I got lost in my computer, the real world became distant, cold. Everything was concentrated around delivering answers to a bulletproof brief. About selling. A big commercial system that slowly took away the real joy. I simply had to get rid of all the filters and shortcommands, and even bigger commands - and so I did”.

 

To work with my hands and feel the material is essential to me. From the day I started as an art director, I painted regularly on weekends – whenever I had time. I didn't see it as clearly as now, but it made me so happy and motivated. It gave me the right balance in moving forward, growing up. When I paint I go into another place. Not by trying – just by being. Interaction with my tools, my colours, the white canvas that is being covered, layer by layer. More and more hidden. When I am in that state – finding a connection with the artwork piece by piece - I have learned by experience, that someone else will also connect to it. Some might not even register it, but others can´t forget the meeting. Everything was so clear to me. A crucial moment in life that made so much sense.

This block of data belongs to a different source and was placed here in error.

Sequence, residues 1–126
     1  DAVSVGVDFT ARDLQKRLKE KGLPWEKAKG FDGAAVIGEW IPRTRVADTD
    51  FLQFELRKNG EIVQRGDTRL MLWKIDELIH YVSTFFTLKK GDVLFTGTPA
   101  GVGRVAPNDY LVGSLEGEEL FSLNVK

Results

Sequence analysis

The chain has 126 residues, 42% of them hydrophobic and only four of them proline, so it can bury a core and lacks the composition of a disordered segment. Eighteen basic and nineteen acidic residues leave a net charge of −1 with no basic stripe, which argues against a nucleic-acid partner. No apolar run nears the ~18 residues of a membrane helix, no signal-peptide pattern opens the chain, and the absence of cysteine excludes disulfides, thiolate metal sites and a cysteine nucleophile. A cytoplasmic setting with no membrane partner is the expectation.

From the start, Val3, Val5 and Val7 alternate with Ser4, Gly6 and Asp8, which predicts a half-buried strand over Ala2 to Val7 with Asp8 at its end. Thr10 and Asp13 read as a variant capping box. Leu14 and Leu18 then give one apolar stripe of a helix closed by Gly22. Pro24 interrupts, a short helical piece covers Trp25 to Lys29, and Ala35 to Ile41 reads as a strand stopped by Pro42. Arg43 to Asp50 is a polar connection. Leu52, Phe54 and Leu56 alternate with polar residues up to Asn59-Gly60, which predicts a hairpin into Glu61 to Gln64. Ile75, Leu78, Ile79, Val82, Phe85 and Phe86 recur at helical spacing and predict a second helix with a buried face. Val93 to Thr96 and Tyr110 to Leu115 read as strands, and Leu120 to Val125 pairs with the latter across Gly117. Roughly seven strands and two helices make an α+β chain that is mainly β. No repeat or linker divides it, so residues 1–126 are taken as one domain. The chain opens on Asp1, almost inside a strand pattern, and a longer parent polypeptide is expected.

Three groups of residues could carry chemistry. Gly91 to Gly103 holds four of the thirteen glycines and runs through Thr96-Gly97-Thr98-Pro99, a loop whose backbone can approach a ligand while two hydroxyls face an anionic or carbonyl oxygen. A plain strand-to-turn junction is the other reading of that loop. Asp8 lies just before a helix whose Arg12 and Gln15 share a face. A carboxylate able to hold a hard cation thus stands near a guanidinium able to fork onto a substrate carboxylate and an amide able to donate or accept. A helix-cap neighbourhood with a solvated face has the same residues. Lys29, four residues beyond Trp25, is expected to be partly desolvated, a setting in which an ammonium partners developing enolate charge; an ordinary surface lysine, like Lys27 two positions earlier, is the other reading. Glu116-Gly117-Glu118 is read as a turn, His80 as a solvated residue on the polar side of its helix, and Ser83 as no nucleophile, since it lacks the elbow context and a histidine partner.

Tell us about your studio - why did you choose to work there?

 

I fell in love, again.

There is this beautiful place outside my ”hometown” Horten, called Karljohansvern. It is an old naval base, and I was so lucky to have parts of my childhood there. Not many people lived there, and it was so free and unique. Not always practical (two parents without a car) We walked long distances every day to get to school etc. But everything was an adventure, so much to discover by the seaside, in the woods, surrounded with old historical buildings – it was like living in another century.